Sports | Wimbledon Celebrates 100 Years of Centre Court, Once Called a “White Elephant,”

Sports | Wimbledon Celebrates 100 Years of Centre Court, Once Called a “White Elephant,”

Wimbledon is establishing a new tradition of playing on the third Sunday of the tournament as it prepares to commemorate 100 years of its iconic Centre Court, which was dubbed a “white elephant” when it first opened.

Former Wimbledon champions will take part in the event, which will reflect on memorable matches and moments.

A descendent of Leslie Godfrey, the player who struck the opening ball on Center Court, will be in the royal box, according to Alexandra Willis, director of communications and marketing for Wimbledon.

When it was first opened in 1922, the court, which holds the men’s and women’s championships every year, was not well received.

Willis stated on Friday, “It was called this white elephant. How could the club possibly fill it?

“How could tennis possibly become so well-liked that you would accept such a large number of guests?

And this great stadium has been there for 100 years at this point. It has grown to be one of the sports’ most recognizable monuments.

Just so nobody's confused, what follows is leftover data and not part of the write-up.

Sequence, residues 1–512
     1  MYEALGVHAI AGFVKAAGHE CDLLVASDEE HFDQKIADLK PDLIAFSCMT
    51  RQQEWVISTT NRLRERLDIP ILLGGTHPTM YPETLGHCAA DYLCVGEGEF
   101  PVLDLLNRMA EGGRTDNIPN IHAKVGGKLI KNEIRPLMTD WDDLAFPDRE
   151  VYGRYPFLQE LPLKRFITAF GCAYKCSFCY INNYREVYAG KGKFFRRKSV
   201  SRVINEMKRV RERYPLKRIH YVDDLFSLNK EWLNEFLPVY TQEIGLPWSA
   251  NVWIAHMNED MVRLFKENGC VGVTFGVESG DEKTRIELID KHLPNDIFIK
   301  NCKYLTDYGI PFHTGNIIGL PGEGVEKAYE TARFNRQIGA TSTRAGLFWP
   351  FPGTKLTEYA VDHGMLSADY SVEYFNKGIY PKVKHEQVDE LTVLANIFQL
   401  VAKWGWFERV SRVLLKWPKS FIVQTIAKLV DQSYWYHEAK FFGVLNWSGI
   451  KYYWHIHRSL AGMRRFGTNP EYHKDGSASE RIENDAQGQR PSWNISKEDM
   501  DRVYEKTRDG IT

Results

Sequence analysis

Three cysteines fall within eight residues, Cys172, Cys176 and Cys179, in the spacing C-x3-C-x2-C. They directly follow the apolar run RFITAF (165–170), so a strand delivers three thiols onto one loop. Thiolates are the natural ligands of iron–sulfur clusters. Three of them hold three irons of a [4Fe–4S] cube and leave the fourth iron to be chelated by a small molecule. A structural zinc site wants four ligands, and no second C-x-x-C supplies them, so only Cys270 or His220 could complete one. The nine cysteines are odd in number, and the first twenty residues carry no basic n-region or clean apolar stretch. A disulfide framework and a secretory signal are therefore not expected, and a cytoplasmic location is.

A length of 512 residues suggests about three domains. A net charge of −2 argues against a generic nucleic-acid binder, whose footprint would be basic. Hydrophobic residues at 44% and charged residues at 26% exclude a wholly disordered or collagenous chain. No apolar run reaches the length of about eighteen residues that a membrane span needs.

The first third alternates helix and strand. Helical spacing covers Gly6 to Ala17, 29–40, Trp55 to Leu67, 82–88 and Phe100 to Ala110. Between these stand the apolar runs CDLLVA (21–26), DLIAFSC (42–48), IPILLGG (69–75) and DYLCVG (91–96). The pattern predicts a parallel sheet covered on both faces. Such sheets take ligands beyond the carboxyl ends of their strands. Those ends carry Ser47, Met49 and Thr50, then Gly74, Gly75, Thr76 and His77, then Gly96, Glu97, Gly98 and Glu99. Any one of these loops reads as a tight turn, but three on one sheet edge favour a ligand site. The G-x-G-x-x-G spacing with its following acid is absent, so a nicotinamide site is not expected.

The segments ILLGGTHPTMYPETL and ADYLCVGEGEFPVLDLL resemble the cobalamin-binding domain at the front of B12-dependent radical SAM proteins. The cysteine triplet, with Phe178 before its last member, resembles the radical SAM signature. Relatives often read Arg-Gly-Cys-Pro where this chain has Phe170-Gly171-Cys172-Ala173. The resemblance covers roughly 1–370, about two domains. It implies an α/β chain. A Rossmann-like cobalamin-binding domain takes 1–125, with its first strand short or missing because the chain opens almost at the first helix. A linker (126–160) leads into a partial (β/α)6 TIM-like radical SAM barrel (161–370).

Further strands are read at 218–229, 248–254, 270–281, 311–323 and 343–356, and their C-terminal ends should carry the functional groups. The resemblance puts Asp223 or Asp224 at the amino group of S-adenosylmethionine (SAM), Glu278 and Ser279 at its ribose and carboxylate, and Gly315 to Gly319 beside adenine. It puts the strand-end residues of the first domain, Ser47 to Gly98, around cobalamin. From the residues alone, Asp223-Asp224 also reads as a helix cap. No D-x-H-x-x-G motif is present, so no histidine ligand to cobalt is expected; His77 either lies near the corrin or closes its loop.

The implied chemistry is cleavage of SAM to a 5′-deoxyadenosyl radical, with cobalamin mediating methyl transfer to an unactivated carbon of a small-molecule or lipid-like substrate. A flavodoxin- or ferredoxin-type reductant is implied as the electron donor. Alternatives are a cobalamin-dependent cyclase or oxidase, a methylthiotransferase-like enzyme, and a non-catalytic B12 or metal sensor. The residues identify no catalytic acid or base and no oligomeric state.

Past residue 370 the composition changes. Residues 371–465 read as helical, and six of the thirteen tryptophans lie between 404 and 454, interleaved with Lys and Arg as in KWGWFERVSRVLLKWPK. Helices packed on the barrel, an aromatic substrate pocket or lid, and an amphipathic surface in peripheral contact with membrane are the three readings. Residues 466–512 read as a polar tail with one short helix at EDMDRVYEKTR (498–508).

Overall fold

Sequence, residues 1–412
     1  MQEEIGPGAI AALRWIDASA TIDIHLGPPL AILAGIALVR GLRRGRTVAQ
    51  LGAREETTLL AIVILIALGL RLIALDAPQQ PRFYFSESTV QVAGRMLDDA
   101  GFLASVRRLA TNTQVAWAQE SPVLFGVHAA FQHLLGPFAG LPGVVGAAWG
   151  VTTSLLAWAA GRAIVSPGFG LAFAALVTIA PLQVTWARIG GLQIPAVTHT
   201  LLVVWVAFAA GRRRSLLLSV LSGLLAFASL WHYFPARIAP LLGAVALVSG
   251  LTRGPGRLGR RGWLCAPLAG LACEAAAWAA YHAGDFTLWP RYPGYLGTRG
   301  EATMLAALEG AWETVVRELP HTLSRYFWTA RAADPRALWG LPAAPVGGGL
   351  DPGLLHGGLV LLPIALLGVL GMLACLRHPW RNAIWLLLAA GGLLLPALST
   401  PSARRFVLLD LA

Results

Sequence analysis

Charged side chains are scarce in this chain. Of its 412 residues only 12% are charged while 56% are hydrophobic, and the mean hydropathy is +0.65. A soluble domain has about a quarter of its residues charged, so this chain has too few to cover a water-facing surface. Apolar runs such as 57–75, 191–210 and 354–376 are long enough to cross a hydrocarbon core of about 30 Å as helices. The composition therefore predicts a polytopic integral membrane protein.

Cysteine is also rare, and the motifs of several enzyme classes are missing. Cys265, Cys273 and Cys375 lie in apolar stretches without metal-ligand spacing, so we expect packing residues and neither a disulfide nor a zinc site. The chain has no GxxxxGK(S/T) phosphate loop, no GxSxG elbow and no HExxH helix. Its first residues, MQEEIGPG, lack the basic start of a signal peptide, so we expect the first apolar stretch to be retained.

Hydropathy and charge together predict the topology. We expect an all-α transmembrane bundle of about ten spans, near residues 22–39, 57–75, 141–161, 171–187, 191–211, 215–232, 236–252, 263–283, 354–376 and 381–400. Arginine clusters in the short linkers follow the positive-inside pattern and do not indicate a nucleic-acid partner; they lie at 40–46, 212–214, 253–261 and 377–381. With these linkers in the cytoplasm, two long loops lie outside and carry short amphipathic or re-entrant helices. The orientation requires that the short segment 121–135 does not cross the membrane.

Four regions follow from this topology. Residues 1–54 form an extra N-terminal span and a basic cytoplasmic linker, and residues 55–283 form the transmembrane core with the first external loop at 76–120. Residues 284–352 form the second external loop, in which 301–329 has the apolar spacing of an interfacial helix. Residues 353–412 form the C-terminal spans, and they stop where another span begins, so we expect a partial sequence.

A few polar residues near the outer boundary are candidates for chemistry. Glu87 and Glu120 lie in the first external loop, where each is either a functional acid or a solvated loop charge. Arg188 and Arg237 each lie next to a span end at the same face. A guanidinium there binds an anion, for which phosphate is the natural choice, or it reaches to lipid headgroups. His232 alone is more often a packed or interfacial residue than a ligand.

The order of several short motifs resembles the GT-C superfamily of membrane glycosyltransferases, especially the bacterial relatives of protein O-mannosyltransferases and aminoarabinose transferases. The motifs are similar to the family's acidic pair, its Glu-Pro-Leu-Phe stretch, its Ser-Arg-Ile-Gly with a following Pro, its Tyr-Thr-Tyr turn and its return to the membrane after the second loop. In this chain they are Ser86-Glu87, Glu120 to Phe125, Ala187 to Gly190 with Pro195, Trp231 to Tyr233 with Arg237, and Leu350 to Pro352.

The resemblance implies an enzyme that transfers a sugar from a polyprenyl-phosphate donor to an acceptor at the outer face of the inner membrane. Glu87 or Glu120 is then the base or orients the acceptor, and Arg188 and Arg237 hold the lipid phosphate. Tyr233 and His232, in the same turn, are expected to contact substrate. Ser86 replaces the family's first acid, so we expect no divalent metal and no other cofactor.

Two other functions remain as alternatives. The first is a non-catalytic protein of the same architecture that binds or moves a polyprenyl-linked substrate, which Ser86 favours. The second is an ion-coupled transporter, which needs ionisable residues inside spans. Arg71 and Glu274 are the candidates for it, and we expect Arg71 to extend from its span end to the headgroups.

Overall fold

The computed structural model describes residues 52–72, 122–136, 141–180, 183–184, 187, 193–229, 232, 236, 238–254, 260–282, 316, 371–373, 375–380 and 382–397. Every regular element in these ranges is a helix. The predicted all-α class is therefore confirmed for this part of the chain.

With a seating capacity of around 15,000, the grass-court stadium combines traditional and modern elements, including a retractable roof that enables play to continue in the rain.

Following the All England Club’s acquisition of the nearby Wimbledon Park Golf Club, where a new show court will be situated, the Wimbledon property is slated for expansion over the upcoming years.

Willis said that the emphasis of the celebrations on Sunday was on both looking back and looking forward, with schoolchildren being invited to envision what Centre Court would look like in 100 years.

She referred to “this notion of it being a witness to history.” “If you consider how much change has taken place.

“Boris Becker and Steffi Graf winning Wimbledon in 1989, the year the Berlin Wall came down, and what that achieved for the civil rights movement because Althea Gibson was the first black person to win Wimbledon (in 1957).”

On Sunday, more than 14,000 members of the local community have been invited to Wimbledon, where there will also be about 1,000 Ukrainian, 500 Afghan, and 500 Syrian refugees.

Willis expressed hope that the event would have a lovely, festive mood.

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